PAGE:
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Burkhart Blog

Acne Emergency? Remedies that work quickly.

by | Mar 2, 2020 | Pediatric Dermatology

Acne can be embarrassing and frustrating at any age and is an extremely common condition. While we normally think of teenagers getting acne, it can start much younger — up to 50% of 10-year old’s and 90% of 18-year old’s in America currently have, or have dealt with, some level of acne on their face, chest, back, or shoulders.  It can cause individuals to avoid swimsuits or even change their entire wardrobe to hide their disease. And the effects can go more than “skin deep”; severe acne breakouts can lead to social isolation, avoidance of romantic relationships, depression and anxiety.  Acne flares can be a really big problem!

A common question I receive in my office is “how long will it take for my acne to get better?”

Knowing the significant impact acne can have on young peoples’ lives, this is a very reasonable question.

The answer depends on many factors.  It depends on a patient’s goals: is the goal to be 100% clear of all acne lesions or is it to calm down an acne flare?  Calming an acne flare is much faster and easier than returning the skin to zero acne lesions and marks.

It also depends on the type of acne the patient has: red spots and pus bumps can be improved within days to weeks whereas blackheads and large cysts may take months to clear.

Finally, a healthy diet, a good skin regimen, and stress management will accelerate acne improvement in all individuals.  In this post, I will review medical therapies that have been shown to clear up acne lesions fast.

Systemic medications (i.e. pills) that work fast

Oral antibiotics such as minocycline or doxycycline can improve widespread red lesions and pus bumps within days to weeks.  This is the fastest method for clearing up lots of pimples quickly.  However, oral antibiotics can have side-effects — most commonly nausea, stomach discomfort, and sun sensitivity.  When this type of treatment is needed, I suggest taking short courses of antibiotics, taking the medication with food, and considering a probiotic supplement to avoid stomach problems.

Topical medications (creams) that work fast

Topical antibiotics and benzoyl peroxide are very popular fast acting agents that work good on red lesions and pus bumps.  These are good for “spot treatment” of individual acne lesions and can clear a spot within days to weeks.  The most common topical antibiotic is clindamycin and it works much better when combined with benzoyl peroxide.  Benzoyl peroxide is over the counter and is most effective when formulated in a 2-5% cream or gel — going to higher concentrations (like 10% benzoyl peroxide) increases the drying effect of the medication but does not improve acne lesions any more than the less concentrated creams.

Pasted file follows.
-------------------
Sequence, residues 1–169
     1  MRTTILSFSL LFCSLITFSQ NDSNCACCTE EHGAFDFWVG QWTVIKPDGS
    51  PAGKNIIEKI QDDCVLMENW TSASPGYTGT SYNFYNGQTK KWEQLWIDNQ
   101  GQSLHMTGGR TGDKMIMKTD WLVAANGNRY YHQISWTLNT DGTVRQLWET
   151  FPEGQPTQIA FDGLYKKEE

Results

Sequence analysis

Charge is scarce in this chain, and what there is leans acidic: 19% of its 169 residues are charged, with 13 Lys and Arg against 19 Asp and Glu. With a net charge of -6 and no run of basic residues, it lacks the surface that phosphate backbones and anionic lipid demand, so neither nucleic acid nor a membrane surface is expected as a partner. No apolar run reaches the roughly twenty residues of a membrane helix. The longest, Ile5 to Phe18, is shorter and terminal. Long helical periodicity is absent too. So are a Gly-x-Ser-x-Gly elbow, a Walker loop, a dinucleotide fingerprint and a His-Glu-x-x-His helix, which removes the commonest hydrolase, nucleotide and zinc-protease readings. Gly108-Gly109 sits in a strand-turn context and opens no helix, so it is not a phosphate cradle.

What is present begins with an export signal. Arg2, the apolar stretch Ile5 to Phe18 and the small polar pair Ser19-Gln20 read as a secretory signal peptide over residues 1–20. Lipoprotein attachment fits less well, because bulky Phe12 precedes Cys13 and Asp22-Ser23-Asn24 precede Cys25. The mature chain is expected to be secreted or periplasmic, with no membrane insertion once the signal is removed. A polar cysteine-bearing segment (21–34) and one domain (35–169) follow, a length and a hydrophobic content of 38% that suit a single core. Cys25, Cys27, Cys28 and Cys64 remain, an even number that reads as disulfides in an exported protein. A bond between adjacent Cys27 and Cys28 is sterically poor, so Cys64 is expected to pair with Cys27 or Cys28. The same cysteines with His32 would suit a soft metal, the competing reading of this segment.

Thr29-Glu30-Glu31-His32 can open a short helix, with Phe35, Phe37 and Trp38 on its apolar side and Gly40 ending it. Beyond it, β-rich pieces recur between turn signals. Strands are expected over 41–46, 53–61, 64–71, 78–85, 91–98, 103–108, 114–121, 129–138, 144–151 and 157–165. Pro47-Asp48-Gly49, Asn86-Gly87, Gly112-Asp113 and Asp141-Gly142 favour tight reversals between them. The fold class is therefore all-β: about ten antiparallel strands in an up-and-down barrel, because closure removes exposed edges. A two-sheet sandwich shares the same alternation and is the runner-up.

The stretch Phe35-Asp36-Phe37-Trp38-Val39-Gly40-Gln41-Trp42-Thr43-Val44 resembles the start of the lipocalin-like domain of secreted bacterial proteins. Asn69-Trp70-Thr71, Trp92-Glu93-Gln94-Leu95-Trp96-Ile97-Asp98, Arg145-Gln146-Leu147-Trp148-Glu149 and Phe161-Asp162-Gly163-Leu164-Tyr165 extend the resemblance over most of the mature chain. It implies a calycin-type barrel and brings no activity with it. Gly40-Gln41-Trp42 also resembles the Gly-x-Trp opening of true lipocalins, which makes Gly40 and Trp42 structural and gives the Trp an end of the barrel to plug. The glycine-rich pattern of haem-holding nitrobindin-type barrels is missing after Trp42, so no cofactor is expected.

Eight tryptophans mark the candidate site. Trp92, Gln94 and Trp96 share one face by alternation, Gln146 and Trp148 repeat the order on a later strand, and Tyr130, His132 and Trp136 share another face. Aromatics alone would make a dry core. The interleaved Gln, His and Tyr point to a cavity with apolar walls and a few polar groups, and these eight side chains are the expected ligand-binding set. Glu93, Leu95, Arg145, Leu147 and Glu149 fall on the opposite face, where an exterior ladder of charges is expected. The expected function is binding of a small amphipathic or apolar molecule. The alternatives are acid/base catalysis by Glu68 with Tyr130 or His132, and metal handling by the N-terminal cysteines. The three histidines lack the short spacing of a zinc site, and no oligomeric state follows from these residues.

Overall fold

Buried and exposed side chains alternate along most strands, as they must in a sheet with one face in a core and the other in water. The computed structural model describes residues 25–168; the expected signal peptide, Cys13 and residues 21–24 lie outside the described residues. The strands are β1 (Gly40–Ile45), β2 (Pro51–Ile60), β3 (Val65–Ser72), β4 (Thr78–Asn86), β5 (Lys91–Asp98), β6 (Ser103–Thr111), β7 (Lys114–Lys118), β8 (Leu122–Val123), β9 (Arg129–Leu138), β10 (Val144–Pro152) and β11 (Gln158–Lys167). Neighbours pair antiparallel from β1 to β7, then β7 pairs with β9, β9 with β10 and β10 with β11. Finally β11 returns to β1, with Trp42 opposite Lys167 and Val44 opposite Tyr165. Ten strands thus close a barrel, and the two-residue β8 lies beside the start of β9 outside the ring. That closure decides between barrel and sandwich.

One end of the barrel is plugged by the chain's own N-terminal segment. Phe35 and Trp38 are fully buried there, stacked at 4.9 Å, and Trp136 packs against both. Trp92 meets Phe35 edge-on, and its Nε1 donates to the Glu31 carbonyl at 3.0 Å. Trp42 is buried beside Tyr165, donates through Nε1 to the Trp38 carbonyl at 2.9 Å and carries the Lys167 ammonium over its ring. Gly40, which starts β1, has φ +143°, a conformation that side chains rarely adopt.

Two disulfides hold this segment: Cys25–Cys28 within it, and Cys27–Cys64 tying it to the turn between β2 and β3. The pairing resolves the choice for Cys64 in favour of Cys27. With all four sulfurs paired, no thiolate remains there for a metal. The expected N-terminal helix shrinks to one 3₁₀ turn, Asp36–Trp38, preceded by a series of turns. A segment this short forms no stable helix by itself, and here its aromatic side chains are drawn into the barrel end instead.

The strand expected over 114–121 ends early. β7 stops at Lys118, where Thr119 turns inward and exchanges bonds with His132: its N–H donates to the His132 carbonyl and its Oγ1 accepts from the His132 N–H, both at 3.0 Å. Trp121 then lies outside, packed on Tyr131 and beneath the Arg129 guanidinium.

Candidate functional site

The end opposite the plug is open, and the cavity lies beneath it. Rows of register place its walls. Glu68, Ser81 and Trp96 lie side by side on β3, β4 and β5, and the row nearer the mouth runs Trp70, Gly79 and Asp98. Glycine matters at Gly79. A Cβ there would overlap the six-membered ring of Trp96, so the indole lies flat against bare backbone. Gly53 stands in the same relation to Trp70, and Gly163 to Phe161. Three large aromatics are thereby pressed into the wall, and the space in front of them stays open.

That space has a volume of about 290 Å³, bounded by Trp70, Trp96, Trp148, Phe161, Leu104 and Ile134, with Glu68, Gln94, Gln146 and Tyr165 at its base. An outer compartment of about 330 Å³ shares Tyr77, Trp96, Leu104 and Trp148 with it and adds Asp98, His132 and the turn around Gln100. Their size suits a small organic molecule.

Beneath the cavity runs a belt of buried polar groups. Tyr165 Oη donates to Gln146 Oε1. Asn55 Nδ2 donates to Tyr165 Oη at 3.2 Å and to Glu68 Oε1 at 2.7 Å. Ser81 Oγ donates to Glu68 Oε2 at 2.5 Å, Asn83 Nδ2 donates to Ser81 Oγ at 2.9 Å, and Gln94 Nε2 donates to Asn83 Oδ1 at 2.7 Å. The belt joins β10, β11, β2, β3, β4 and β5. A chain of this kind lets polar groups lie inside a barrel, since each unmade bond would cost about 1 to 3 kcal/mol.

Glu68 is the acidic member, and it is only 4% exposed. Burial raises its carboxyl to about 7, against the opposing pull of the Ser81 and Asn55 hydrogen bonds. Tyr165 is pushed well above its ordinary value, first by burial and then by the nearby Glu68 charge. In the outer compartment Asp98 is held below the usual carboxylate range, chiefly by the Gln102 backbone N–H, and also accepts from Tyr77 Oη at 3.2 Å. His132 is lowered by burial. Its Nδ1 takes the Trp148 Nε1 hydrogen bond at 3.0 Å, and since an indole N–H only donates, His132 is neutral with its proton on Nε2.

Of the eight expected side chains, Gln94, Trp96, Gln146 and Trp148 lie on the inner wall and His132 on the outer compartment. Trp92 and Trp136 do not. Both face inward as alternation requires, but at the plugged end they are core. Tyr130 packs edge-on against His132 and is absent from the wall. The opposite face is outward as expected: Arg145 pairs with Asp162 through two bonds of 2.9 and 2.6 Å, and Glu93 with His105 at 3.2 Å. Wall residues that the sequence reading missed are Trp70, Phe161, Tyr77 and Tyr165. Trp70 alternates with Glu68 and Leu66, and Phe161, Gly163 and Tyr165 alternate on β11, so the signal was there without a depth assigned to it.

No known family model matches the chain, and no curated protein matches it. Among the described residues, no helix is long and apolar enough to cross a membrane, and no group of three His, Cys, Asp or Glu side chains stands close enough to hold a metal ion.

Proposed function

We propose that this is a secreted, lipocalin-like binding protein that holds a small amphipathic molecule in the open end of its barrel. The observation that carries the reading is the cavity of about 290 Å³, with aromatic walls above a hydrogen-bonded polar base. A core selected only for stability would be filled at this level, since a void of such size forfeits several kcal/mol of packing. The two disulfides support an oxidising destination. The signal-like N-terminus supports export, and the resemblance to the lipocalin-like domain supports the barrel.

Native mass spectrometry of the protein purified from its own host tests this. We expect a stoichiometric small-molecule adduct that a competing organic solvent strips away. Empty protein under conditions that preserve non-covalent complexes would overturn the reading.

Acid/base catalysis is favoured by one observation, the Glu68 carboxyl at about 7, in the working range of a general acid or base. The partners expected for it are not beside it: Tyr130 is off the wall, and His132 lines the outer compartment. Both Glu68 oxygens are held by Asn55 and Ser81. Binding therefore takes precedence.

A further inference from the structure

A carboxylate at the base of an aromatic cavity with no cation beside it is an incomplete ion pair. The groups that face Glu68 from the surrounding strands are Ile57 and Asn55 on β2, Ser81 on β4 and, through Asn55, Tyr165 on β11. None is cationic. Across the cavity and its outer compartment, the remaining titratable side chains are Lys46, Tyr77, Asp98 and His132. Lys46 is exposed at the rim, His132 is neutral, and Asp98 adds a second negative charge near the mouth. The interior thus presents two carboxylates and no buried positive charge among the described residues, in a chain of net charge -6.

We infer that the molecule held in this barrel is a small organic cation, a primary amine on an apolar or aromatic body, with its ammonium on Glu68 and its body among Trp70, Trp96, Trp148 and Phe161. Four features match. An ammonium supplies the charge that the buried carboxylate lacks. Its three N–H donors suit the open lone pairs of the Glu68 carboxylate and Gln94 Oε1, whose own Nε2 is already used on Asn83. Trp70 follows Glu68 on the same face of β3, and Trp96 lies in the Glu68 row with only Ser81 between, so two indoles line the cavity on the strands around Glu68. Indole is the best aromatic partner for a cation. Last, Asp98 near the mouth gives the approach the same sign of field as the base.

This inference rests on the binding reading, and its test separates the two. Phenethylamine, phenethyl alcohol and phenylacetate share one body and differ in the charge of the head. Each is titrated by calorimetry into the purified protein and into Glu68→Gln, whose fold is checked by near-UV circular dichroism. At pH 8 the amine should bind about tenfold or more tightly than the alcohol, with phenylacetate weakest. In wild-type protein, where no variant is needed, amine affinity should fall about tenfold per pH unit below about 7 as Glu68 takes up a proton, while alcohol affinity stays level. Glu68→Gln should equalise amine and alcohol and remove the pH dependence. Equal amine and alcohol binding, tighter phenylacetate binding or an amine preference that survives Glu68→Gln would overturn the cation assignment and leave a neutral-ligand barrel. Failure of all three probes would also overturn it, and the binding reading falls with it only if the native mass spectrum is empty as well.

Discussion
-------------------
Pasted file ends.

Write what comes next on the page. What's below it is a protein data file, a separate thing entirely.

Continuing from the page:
Anti-inflammatory medications can also clear up painful red bumps quickly, however, patients should be careful about hurting their skin through overuse of this method.  For individuals who need red acne bumps cleared up overnight, I sometimes prescribe a very short course of a topical steroid.  Topical steroids should be used cautiously, however, as overuse can lead to skin thinning and a new type of acne called “steroid acne.”  If over the counter 1% hydrocortisone cream is used to clear small red pimples, only use for 2 to 3 nights; this method should be used sparingly to avoid side effects.

Taking care of your skin’s and body’s health will speed up the resolution of acne, so take care of yourself.  Avoid foods that are especially acne causing like milk products (especially low fat milk), whey protein supplements, and high glycemic index foods (foods with lots of sugar or corn syrup).

There are also natural therapies that work well on acne, we’ll cover that in our next post.

This post was created to provide gen­eral infor­ma­tion and education. The con­tent pro­vided is not intended and should not be con­strued as med­ical advice. If the reader or any other per­son has a med­ical con­cern, he or she should con­sult with an appropriately-licensed physi­cian or other health care worker.